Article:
There are many things to do: stem crudo with Romesco sauce, black olive tapenade and “pepper tartare”. Photo: Sophia Evans/The Observer
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And so. Sea birds. Unlike the dimly lit lobby, the 14th-floor space feels like a sort of faux beach hut, with whitewashed palm stucco, rough, white-stained floors, huge raffia lampshades and porous bamboo furniture that they would irritate a man. height Music flies around the raw brick, concrete and wood space. The young people here don’t seem to notice. First, we are shown armchair-style seats that require us to crouch so low that we can shovel dinner straight from the table into our mouths without getting up. We want to upgrade to a standard table. They oblige It’s not like they were full.
Where to meet our server. People complain when I criticize the servers, given the lousy pay and the poverty of dealing with people in general and me in particular. I like it. We all hate people and I hate myself. But the interview is part of the agreement, and if it is done with all the grace of an impeccable colonoscopy, it should be celebrated. He claims to explain the menu, which basically tells us what they don’t have; such is the form of a seafood restaurant that depends on the catch of the day. I started ordering. He looks at me and nods his head. I ask him if he intends to take notes. Answer with one word. “No.” Are you really not? “No.” Fair enough. The first three courses landed about five minutes later before the wine arrived. I politely ask if we can have our wine with our meal. “Come on.”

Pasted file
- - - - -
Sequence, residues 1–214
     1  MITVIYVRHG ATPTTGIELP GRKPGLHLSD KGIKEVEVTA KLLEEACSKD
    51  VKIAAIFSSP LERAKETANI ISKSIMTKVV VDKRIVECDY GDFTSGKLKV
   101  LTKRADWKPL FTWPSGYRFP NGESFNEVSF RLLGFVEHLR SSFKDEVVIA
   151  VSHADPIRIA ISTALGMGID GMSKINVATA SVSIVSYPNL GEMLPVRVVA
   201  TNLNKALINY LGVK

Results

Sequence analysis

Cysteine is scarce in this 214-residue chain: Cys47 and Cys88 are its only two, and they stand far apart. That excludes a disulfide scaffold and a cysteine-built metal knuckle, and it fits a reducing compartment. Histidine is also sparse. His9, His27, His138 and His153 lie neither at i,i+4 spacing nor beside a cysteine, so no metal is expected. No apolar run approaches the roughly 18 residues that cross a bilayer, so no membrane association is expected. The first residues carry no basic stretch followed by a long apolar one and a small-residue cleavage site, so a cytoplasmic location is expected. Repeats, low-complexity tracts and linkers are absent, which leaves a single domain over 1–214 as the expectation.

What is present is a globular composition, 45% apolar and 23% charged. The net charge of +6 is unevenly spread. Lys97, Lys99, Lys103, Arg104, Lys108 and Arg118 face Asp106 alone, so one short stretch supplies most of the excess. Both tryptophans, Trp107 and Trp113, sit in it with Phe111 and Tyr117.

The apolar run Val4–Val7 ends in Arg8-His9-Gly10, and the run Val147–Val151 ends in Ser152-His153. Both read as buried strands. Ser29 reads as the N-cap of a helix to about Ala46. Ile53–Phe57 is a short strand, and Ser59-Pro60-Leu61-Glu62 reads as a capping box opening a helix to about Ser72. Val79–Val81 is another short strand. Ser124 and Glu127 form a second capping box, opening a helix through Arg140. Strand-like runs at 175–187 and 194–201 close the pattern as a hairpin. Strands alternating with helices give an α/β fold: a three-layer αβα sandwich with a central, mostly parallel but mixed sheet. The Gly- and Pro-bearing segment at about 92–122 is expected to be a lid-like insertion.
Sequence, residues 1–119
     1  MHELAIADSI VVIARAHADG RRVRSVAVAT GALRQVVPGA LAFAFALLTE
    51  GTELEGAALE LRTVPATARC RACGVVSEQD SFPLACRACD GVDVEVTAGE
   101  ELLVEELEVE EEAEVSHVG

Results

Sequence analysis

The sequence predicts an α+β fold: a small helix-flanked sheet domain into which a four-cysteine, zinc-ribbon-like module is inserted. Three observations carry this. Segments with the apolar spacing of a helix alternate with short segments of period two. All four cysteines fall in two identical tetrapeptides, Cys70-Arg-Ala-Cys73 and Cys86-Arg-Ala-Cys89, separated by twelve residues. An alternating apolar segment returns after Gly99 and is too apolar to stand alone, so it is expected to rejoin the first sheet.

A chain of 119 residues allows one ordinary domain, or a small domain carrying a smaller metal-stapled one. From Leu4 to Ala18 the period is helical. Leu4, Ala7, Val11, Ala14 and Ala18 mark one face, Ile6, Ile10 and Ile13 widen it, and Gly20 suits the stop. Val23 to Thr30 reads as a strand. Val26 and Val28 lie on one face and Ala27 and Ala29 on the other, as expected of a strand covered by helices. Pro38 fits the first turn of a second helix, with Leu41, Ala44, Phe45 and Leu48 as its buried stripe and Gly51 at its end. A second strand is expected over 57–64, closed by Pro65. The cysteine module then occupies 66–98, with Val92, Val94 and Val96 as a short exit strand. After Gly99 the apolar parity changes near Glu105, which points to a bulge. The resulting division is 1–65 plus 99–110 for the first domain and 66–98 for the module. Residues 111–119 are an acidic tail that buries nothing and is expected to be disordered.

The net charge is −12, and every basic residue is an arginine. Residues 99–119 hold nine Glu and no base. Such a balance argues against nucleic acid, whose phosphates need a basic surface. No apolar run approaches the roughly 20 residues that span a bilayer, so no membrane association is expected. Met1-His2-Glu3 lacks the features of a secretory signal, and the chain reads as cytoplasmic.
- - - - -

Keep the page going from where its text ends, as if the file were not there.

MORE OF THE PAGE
Later, when the sector opens, the hot dish of beans with scrambled eggs and herb bread is missing. He seems confused when I talk about it. A skeptical soul may wonder if, perhaps, without the notebook, it would have been forgotten. But it is unfair. He assures us that he said he was not available. We both tell him he didn’t say anything. Don’t offer anything else. I understand that clams are not available, but what kitchen has beans, bread and eggs?
As for this food, it brings the occasional violence of London to the complex matter of prices; a small plate of raw stem is £18. It’s a nice plate of raw fish, but it reminds me of Coco Chanel’s advice to stand in front of the mirror when you get dressed and remove one thing before you leave. It’s topped with romesco sauce, black olive tapenade salt, and what they call pepper tartare, another one.